Healthy Homes for Healthy Living is a Chagas disease prevention initiative aimed at interrupting Chagas disease tran
    smission by preventing colonization of houses by sylvatic triatomines in three rural communities of southern Ecuador. It is mainly focused on designing, implementing, and evaluating housing solutions resistant to triatomines presence considering: scientific knowledge on local triatomines’ biology and ecology, Chagas disease epidemiology, and existing knowledge on housekeeping practices and construction techniques. This program is designed for students interested in:

    • Collaborating with local families in building and restoring existing homes.

    • Learning new building techniques with locally sourced materials

    • Participating in manual labor and assisting in building projects.

    • Working closely to promote healthy practices in the interior and periphery area of local homes

  • c. Sports and Development - June 13th to June 29

    Physical activity involvement, such as youth sport and community-based activities are beneficial for children and youth.  These activities increase autonomy, concentration, initiative, intrinsic motivation moral development, self-confidence, and social competence (Balyi & Hamilton, 2004, Coakley, 2007; Ewing, Seefeldt, & Brown, 1997; Hedstrom & Gould, 2004). Students will engage in curriculum development and delivery of activities involving recreational play, sports and health education for the children and youth in rural Ecuadorian communities.  This program aims to support the HLI (Healthy Living Initiative) by  using a holistic multi-disciplinary approach to address Chagas disease prevention.    Participants in this component will gain instructional experience, cultural competency, research training and other skills that will be applicable to their careers; not to mention the experience will strengthen their resumes.  Potential activities include :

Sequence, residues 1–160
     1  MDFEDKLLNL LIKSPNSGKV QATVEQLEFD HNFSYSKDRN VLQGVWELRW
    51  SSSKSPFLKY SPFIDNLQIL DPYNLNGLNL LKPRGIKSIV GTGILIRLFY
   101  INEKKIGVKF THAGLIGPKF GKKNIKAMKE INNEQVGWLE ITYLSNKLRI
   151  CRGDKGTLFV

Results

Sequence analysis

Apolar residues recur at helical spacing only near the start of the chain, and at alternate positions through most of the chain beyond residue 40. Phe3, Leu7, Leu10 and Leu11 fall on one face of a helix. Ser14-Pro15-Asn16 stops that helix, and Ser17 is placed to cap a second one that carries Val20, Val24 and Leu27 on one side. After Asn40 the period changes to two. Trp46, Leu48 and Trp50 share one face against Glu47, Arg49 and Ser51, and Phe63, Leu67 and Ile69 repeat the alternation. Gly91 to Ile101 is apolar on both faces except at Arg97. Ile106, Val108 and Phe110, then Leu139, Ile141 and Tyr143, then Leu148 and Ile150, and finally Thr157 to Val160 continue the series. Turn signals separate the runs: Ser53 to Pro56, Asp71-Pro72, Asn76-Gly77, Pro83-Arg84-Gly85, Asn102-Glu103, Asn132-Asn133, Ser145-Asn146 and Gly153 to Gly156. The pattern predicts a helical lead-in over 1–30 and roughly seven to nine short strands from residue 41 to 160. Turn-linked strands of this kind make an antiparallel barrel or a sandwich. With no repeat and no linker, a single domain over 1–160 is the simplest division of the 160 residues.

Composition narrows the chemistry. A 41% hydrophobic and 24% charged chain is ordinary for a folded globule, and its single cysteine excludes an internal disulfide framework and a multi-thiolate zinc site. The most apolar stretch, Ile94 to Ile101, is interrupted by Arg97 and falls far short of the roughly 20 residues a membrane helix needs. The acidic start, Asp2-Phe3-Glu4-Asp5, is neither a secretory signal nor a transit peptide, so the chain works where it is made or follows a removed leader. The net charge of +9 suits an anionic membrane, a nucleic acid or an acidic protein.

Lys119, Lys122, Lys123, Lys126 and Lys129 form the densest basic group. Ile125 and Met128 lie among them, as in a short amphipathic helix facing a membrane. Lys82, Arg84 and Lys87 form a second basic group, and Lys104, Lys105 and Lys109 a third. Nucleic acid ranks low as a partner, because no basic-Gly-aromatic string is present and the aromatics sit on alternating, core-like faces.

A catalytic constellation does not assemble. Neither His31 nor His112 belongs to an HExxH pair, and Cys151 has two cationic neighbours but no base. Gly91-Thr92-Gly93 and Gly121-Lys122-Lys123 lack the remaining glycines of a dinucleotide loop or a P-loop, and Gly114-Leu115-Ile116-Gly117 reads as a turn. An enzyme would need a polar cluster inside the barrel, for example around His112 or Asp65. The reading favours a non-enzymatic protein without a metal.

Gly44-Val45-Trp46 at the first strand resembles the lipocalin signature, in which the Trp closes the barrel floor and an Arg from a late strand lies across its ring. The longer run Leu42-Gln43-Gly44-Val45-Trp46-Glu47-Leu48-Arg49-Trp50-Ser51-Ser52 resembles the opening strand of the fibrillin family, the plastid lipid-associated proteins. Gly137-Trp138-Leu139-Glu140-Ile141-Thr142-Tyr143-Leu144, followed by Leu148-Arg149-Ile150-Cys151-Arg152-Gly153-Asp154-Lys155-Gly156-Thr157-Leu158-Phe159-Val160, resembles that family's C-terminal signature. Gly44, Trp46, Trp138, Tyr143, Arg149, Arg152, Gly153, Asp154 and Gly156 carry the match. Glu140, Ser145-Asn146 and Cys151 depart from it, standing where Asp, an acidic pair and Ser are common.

• Assess what the children and youth know about Chagas disease prevention.  Then develop ways to strengthen the message using their voices. 
    • Work closely with the community members to organize activities that are community-oriented, empower leadership opportunities for sustainable recreational plan, sports and health education.
    • Hosting a Soccer camp that uses a games model to engage in deliberate play activities while educating the children and youth on Chagas disease prevention
    • Developing a Basketball camp or play day that uses a games model to engage in deliberate play activities while educating the children and youth on Chagas disease prevention
    • Engage the children and youth in natural Outdoor recreational activities (e.g. playground play).

Component 3: Visual Communication Practice- June 13th – June 29th, 2015

This program is designed for students from Film, Media, Photography and Visual Communication majors who are interested in practical experience in their areas of interest. Students who participate in this experience will be able to join efforts designed to: